A team functioning in constant threat mode, motivated by fear of the next fire-breathing monster, can be damaged over the long-term.

Occasionally, organizations do face a real crisis that demands the slaying of a dragon. However, for long-term success, it’s far better for an organization to cast a compelling purpose—freeing the princess—and then pursue it with a shared sense of passion.

You must be realistic, of course, but always tie motivation to a positive purpose whenever possible in your leadership to bring out the most inspired performance.

Embrace the Adventure

Life is an adventure to be lived, not a crisis to be survived. Running toward something is always more empowering than just running away from something else. And that’s the beautiful thing about mission-minded leading.

When you know your mission and realize at a core level how important it is, you don’t get caught up in all the distractions, you can’t afford to take your marbles and go home when things don’t go your way, but most importantly you have in view something bigger than short-term obstacles.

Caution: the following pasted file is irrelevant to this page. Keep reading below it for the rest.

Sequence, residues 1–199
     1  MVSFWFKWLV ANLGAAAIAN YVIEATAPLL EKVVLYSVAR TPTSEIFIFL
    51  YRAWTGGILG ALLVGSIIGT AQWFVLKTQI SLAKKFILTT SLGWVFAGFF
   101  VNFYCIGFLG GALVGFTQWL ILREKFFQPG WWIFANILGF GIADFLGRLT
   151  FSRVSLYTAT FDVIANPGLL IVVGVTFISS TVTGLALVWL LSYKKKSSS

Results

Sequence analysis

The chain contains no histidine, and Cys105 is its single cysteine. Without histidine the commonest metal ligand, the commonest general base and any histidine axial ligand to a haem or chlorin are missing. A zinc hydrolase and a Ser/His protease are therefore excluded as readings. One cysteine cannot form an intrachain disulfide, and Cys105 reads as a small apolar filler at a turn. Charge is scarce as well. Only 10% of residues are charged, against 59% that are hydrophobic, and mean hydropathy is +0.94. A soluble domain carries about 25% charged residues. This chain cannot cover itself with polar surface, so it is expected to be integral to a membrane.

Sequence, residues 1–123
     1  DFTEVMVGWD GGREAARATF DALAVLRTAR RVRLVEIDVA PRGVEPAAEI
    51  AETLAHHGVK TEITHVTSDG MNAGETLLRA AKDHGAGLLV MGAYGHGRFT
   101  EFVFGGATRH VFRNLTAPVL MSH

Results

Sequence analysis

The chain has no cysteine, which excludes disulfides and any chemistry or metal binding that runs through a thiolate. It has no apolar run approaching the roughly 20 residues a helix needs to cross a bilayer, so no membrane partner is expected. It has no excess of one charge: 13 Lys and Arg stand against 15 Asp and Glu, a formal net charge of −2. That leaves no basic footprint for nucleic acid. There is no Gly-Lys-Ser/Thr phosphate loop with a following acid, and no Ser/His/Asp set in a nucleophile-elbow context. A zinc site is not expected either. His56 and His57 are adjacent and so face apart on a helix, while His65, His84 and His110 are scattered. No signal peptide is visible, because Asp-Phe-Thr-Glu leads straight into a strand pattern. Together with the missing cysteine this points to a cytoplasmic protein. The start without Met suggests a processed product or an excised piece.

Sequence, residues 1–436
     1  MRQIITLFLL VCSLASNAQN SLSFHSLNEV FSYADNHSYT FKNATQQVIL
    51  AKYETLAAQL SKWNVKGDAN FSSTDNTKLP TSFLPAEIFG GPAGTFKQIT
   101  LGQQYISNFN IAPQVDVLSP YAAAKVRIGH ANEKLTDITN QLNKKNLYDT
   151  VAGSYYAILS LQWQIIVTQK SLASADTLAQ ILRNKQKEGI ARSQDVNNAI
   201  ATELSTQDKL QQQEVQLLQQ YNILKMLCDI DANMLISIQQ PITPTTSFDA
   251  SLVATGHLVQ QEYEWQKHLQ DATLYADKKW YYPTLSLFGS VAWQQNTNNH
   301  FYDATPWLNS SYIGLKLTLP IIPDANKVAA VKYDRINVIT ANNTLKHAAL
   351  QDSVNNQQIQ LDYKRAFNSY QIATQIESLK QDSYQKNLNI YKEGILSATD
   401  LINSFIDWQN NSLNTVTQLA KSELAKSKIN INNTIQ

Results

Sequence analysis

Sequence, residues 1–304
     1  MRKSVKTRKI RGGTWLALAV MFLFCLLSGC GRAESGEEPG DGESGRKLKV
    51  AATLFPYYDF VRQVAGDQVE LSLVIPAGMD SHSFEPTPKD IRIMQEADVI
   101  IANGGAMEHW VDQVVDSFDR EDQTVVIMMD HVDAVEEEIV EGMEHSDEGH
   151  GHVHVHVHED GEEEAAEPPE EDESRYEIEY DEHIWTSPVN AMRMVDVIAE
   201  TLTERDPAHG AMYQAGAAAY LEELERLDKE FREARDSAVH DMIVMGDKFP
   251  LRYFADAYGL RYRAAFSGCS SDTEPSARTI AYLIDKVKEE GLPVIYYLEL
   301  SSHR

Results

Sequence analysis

Messy-minded leadership might work in a pinch—at the cost of team trust and long-term stability.

Mission-minded leadership, fueled by purpose and passion, will take you all the way.

Excellence Doesn’t Happen by Accident—Do THIS Instead

The Magical Mindset that Produces Results Every Time

Have you ever been driving to a place you’ve never been before and become disoriented?

Maybe you turned left when you should have gone right, or you zoomed past your exit because you were talking.

How likely is it that you’ll end up at your destination without at least pausing to take stock of where you are and making a new plan to get where you need to go? Not very.

The same principle holds true in leadership. When you find yourself off course, you must make course corrections.

Accidental successes are neither repeatable nor sustainable. That’s why you must lead on purpose—be intentional.

Perfect Requires Practice